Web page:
One of the first Mensa Honor Society inductees, Will L. from North Texas’ Mensa 76, was in first grade when he created a nonprofit organization called
Friends of Reaching Our Goals. FROGs — like Will’s local Texas Christian University Horned Frogs — provided nutritious meals to Fort Worth area youth in need. Over a decade, it fed more than 900,000 hungry kids.
That’s one of the countless figures attesting to the merits of the now-10-year-old Mensa Honor Society and its precocious young inductees. The
Mensa Honor Society (for grades 10 through 12) and its companion Junior Mensa Honor Society (grades five through nine) recognize the achievements and community assistance of Young Mensans.
The Mensa Honor Society and Junior Mensa Honor Society recognize young members who exemplify the ideals of integrity, intellectual curiosity, academic commitment, and service.
The Mensa Honor Society launched in 2013, the brainchild of then-
Gifted Youth Specialist Lisa Van Gemert, to recognize Young Mensans ages 10 to 18 who use their intelligence to benefit humanity and encourage other YM’s to do the same. That March, a sixth grader from Southeast Michigan Mensa became the program’s inaugural member. Within a year, 48 students had joined. The program has undergone a few tweaks since then — a handful of administrators, new award-level designations, certificate redesigns, some creative re-imagining of the application and renewal process during a pandemic.... Its core vision, however, has remained the same: upholding the ideals of integrity, intellectual curiosity, academic commitment, and service.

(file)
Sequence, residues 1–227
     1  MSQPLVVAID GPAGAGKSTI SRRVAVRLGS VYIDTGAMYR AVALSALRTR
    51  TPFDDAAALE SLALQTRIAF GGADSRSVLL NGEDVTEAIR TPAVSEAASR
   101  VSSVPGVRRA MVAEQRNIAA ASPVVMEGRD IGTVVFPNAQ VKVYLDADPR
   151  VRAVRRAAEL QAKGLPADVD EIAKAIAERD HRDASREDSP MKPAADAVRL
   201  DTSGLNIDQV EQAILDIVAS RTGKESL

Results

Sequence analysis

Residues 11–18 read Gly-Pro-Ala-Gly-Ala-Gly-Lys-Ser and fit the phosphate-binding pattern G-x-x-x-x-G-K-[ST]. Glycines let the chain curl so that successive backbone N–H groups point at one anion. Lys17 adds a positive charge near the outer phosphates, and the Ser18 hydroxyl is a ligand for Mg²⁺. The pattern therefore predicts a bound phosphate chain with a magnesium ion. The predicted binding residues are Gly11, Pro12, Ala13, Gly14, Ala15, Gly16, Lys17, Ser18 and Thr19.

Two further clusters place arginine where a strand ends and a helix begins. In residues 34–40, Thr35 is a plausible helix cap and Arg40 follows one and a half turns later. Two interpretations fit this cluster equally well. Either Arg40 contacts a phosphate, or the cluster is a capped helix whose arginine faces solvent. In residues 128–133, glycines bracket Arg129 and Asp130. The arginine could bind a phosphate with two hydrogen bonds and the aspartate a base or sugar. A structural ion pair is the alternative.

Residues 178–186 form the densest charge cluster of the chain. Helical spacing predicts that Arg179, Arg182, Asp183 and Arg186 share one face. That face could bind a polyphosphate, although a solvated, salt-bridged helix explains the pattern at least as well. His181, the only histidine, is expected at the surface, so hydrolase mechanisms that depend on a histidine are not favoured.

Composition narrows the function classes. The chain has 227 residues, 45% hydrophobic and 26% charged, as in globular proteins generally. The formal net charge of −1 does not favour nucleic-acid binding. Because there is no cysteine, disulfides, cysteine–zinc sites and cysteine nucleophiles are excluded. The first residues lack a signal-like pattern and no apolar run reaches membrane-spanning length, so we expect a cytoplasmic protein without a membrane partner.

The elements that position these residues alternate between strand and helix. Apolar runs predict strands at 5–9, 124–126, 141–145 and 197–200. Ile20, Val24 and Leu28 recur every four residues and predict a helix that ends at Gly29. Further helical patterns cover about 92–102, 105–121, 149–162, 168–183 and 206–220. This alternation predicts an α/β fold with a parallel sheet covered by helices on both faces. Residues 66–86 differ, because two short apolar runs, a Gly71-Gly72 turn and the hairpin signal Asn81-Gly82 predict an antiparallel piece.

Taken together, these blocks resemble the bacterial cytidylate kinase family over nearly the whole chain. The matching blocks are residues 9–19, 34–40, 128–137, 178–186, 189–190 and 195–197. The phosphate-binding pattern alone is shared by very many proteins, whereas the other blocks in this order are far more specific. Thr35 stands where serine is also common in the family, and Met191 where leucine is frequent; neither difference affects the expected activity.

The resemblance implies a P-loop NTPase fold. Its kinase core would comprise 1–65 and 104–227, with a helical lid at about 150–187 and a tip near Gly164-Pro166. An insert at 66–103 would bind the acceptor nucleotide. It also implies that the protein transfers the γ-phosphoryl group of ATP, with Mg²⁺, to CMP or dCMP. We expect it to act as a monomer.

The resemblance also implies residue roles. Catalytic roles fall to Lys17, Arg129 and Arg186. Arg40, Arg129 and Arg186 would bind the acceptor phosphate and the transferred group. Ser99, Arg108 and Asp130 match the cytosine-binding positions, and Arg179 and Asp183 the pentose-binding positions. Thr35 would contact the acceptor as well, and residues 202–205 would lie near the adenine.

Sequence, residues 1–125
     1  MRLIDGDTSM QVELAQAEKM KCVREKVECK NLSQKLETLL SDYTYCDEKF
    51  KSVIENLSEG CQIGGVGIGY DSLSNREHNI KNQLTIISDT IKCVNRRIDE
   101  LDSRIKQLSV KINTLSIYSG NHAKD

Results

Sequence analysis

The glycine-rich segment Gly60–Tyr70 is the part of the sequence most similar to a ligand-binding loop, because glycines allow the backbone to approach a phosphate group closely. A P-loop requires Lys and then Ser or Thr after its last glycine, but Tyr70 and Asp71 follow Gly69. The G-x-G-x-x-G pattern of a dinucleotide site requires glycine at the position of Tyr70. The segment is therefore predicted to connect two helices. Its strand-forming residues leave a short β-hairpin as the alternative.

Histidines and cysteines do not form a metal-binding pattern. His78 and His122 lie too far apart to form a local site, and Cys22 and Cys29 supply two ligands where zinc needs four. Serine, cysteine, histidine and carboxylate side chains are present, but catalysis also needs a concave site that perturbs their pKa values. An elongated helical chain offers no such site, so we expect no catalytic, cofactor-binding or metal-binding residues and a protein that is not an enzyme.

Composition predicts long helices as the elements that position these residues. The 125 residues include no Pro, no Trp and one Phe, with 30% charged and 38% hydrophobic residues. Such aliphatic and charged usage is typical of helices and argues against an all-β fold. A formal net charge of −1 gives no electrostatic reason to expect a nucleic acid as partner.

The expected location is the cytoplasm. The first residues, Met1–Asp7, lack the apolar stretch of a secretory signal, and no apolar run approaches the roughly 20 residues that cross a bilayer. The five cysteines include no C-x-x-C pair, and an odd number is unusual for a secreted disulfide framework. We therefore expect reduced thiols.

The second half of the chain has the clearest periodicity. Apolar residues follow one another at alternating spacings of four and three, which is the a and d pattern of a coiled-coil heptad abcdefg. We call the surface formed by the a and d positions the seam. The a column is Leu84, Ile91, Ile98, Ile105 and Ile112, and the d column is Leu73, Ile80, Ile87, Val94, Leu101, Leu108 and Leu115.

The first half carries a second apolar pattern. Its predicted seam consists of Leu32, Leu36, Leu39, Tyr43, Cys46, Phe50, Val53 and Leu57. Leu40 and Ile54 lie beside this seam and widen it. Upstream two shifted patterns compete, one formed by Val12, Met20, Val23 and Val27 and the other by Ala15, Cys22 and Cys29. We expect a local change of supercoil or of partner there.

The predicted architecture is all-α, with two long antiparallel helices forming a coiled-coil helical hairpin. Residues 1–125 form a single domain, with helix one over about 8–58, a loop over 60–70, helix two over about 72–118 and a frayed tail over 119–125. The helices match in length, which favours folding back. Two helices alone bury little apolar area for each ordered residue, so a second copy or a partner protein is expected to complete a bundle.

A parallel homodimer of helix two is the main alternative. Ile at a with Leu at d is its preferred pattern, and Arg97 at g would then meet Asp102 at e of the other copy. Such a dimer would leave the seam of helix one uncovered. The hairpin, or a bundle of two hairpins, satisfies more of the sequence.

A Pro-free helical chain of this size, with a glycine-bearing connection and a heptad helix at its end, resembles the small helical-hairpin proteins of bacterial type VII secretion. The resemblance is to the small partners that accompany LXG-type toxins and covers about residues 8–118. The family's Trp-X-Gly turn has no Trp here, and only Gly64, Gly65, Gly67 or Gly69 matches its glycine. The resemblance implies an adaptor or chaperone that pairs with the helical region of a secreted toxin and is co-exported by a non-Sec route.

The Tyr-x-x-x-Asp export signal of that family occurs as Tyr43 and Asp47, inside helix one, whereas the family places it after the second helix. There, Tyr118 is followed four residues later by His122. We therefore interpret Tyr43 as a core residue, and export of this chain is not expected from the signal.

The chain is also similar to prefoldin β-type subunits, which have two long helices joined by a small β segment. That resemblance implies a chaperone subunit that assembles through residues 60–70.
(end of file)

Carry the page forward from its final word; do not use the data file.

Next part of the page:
In 10 years, we’ve inducted nearly 500 Young Mensans into the Mensa Honor Society. Each inductee is tasked with demonstrating their commitment to service, leadership, and academics. We ask a lot of them: a near-perfect GPA, a minimum of 25 hours’ annual volunteer service, active participation in their school or community beyond the classroom, a letter of recommendation from a trusted adult who can vouch for the applicant’s character, and, my favorite piece, a handwritten statement of purpose. There, in scrawl or script, they tell their stories. They write of their histories with Mensa, their goals for the future, and the lived experiences that have led them to where they are. These tweens and teens have bucked the stereotype of carefree and apathetic youth; they absolutely care, and they’ll make you care too. It’s impossible to feel unmoved reading the words of children who not only want to change the world but know that they’re capable of doing so as well. Some Mensa Honor Society youth, gifted with curiosity, empathy, and wisdom beyond their years, are already doing it.
Makenna L. from Lehigh Pocono Mensa was 16 when she ran a charity dedicated to helping children and animals in Central America called
Little Known Help Zone. To fund the charity, Makenna made and sold items in an Etsy shop. Another member, Sierra N. of Eastern Washington/Northern Idaho/Montana Mensa, created Snotty Is Naughty, a program and workshop aimed at stamping out mean girls by educating kids on the negative effects of girl-on-girl bullying.
What these kids have learned, perhaps precociously, is that you’re as good as the company you keep, and by joining the Honor Society, they expect their company will propel them to great heights.